The Single Ingredient

Many (many) years ago a teacher asked me, “What do you think is the most important attribute of a Kung Fu student?” He continued, with suggestions, “Speed? Strength? Intelligence?” I voted for the last. I had seen so many students who, if they only understood what they were doing, everything would have been fine.

He shook his head. “Perseverance.” It was my first lesson in teaching and it took some while to understand why this was so.

So, decades later, I’m talking with one of our school’s top instructors. We are discussing a new student. He has come to us, supposedly, with a few years of Praying Mantis. The truth is that he can hardly stand up straight. Even his basic punches are weak, flimsy and tentative. When he turns from horse stance to bow stance he leans away from the actions, rotating his front foot on the wrong pivot point, shifts off-balance, sticks his butt out, and even has a fairly strange expression on his face. I am almost admiring that he can gather so much rotten fruit in one basket.

But we begin talking, as instructors do, and after thinking of teaching tricks that might help, I remind her, “It’s always hard when the student may not be talented but is determined. Then they are really ok with reps, being put off to the side, given few instructions. Trouble is,  if they are willing to stick, so are we. It’s our obligation.” I mention the old adage about perseverance but she’s never heard it. So I tell her the saying and how I learned it. “It’s an old teaching adage,” I say as I arbitrarily pick up a book from the shelves. It’s the “Cheng School Gao Style Baguazhang Manual.” As we chat, I randomly crack it open to page 116 and read…

“Teachers should have a soft spot for endurance; students should have modesty and perseverance. Teachers should regularly demonstrate, often explain, and diligently make corrections. Students should regularly practice, often ask questions, and diligently receive instruction. …”

oops!Perseverance can be shown by continued, dedicated practice. But it is more than that. I know someone who practices on his own, repeating his forms, literally, thousands of times a year. But, when everything is counted, his is really a type of therapy wanting neither human intercourse nor personal improvement. God bless him, he is there handling his problems. Nothing wrong with that. But perseverance goes a bit deeper. It is a heart-quest that will not be satisfied with the outward form alone. Even the motivation of those martial lessons such as combat that promises victory or injury, is besides the point in real perseverance. It is a shopping list of the spirit written in a personal code. It is rain on the roof filling our spirit even as we eat or read or sleep.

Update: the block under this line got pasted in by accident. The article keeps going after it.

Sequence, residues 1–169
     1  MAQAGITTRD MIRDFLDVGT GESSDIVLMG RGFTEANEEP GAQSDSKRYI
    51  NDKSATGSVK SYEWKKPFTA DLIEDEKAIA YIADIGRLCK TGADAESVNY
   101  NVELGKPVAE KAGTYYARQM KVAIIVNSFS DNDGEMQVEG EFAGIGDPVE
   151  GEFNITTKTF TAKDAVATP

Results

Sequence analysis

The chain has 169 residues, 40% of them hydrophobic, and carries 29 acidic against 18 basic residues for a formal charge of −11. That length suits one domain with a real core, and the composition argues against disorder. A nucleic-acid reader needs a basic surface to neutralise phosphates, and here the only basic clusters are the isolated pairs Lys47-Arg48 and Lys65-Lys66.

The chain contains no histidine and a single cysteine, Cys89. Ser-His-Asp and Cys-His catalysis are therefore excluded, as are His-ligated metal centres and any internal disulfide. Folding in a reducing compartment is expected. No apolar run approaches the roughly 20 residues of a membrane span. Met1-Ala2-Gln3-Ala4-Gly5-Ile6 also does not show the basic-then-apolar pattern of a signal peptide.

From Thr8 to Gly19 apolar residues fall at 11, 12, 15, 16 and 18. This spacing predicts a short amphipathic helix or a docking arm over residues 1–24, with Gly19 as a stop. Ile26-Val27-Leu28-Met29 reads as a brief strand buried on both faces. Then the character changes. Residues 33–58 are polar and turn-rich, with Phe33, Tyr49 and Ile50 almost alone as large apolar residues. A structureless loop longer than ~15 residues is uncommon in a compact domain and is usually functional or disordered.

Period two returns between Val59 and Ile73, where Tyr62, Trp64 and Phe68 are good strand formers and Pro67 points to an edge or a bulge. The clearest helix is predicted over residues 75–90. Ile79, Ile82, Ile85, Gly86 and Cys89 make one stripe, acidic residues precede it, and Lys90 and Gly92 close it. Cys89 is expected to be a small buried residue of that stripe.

Sometimes it saddens me to see that the reward of perseverance shown in our entertainment is often some over-played public victory, this that or the other. But it is more than any of these because all the types of victories we see portrayed are really revealed to be only a single type, the victory perseverance bestows on your finding and embodying your own true self. Real perseverance is actually quite flexible, just about exactly what victory really can be. But it is uncompromising about not being for mom, your home town or the Gipper. It is simply a hankering after the authentic and, in my little corner of the House of Un-perfectable Achievements, it alone satisfies.

In the Year of the Wood Horse true-hearted attempts can, with a bit of choppy galloping and a few heart-freezing high jumps, win success. We should increase our efforts and take a few more chances.

 

 

One Response to “The Single Ingredient”

  1. Hal Asbury says:

    I definitely would’t have appreciated the perseverance quality when I myself was still young. In the intervening years, I watched as talented people who had it easy with much of the material to be learned would crack sometimes when they hit a tough stretch. Sometimes it was boredom, or a difficult to master concept, but either way they ended getting out-performed by a lesser talent with more endurance. So it definitely isn’t that those with much talent always lack perseverance, but that’s the one thing we can’t afford to lack if we want to get where we’re going!

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